And on the way back in a gardening shop, while buying some much too expensive little rock melons and zucchini plants I met a lovely lady, fellow gardener with a big heart. She lives close by, has invited me to visit her and promised some capsicum and other seedlings.

The universe provides!

We might go to the Big Splash today, an open space event run near City Farm with a focus on how a sustainable Perth would look 10 years! I think we need to be there. But I rather dig than talk!

Saturday, November 13, 2010

Clearing the jungle

Over many years the back of the garden has become a jungle, ivy overgrew bamboo and something like a tulip tree. Several layers of bamboo roots have grown on top of each other, in between concrete slaps from an old shed. Branches often too thick for the tree saw. Entangled parasites unhappy about letting go. 5m high jungle had to go!

Again we needed a lot of elbow grease and Jules got stuck right into it whereas my job was the carrying of materials to the front where a council verge collection will hopefully take it all away after 21 November. We made a great start today. More than half is gone and space made for fruit trees and another garden bed.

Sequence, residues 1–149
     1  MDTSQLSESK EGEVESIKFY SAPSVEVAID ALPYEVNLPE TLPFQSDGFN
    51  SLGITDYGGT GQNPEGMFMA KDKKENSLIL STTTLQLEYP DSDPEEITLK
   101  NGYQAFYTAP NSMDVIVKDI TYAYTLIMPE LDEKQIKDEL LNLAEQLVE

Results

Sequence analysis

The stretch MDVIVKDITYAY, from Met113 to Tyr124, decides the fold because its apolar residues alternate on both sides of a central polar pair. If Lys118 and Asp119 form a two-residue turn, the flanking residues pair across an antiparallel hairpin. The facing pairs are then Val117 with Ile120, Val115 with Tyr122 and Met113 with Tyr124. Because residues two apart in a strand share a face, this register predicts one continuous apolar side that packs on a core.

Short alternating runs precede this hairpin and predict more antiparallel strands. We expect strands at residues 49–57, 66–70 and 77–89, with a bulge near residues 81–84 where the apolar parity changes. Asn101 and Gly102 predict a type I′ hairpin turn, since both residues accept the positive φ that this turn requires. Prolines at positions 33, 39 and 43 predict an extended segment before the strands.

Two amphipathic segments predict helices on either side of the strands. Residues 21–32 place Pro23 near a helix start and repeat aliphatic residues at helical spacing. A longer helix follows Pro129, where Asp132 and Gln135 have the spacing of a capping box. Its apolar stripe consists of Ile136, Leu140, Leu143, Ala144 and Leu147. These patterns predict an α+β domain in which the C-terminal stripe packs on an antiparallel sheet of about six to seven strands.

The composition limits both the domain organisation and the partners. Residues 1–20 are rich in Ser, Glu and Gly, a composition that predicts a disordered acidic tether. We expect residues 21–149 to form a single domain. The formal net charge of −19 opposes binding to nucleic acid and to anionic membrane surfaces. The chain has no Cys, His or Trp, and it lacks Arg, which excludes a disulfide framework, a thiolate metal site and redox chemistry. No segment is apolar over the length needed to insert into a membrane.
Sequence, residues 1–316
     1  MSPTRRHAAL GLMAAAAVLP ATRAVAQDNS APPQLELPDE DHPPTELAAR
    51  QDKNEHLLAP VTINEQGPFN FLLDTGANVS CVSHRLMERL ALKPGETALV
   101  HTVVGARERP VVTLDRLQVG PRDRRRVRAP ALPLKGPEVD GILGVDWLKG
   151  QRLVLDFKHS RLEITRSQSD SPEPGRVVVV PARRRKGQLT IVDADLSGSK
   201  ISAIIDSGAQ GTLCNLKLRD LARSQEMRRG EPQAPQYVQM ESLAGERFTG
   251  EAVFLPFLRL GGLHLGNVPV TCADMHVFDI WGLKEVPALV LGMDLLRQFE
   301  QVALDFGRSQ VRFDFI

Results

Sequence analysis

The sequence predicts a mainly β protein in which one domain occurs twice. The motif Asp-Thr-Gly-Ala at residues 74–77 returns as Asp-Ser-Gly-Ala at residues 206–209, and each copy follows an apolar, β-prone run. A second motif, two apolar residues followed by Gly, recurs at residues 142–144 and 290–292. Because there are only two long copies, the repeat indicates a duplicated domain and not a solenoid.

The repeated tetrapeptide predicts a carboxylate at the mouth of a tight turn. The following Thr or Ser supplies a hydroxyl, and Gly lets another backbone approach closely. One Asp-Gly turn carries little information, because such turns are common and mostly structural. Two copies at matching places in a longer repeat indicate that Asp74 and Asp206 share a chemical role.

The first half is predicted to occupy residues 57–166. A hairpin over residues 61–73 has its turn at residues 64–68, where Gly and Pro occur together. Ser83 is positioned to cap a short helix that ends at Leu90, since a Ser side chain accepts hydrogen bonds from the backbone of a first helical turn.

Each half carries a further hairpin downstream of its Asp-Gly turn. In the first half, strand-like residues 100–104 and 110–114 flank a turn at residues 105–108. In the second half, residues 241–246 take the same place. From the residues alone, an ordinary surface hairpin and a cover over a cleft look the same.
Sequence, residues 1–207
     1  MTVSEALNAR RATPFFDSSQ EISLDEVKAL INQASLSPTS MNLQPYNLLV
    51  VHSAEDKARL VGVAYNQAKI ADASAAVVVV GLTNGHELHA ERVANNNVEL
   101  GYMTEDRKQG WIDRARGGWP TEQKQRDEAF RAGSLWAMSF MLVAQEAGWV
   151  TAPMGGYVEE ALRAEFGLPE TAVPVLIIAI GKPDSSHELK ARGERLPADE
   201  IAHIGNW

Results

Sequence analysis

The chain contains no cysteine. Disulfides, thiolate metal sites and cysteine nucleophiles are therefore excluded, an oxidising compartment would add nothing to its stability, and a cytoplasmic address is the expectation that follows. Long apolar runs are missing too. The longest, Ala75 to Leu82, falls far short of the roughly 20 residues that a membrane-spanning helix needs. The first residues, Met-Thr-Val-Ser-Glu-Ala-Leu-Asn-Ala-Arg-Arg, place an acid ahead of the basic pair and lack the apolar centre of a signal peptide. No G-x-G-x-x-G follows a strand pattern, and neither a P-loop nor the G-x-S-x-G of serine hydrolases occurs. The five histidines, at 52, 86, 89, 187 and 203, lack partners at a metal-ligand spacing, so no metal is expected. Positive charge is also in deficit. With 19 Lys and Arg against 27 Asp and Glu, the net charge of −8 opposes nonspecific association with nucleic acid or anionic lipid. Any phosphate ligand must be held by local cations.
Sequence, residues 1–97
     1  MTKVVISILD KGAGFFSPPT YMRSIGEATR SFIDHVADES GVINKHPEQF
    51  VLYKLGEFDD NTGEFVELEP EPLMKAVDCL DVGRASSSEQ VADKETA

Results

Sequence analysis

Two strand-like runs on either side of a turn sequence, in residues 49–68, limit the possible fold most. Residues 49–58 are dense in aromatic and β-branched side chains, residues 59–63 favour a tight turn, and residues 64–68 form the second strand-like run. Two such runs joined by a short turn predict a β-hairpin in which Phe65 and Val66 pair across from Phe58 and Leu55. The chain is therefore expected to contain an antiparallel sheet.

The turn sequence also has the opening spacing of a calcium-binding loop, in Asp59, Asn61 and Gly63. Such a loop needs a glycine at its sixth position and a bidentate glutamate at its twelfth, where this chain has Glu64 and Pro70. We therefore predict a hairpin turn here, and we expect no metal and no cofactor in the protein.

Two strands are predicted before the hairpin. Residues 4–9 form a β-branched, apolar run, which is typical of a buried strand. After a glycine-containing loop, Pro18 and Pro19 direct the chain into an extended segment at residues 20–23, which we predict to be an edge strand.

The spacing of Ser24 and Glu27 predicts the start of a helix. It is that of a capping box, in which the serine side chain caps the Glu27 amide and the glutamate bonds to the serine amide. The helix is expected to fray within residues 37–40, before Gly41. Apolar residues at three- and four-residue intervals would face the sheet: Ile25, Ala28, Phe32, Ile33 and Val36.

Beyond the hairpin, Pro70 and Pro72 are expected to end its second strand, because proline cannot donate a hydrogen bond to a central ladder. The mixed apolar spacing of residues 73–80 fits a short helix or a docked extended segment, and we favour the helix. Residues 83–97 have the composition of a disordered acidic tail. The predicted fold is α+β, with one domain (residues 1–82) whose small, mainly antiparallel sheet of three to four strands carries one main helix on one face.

I became intrigued by a garden workshop that I attended last week with my boyfriend. Sponsored by the local council and the WA Watercorporation the workshop shared plenty of good tips on waterwise food growing. The workshop was definitely worth while and they even gave us a decent snack half time through the three hours.

One of the presenters was Peter Coppin. His website holds great information about fruit and veggie gardens We got good hints for the composte and he reinforrced the general rule that the sad sandy soils dramatically improve by adding organic matter again and again.

Fruit trees are well placed to be grown in espalier gardens, along wires between poles. The website even has a great diagram on this subject for download.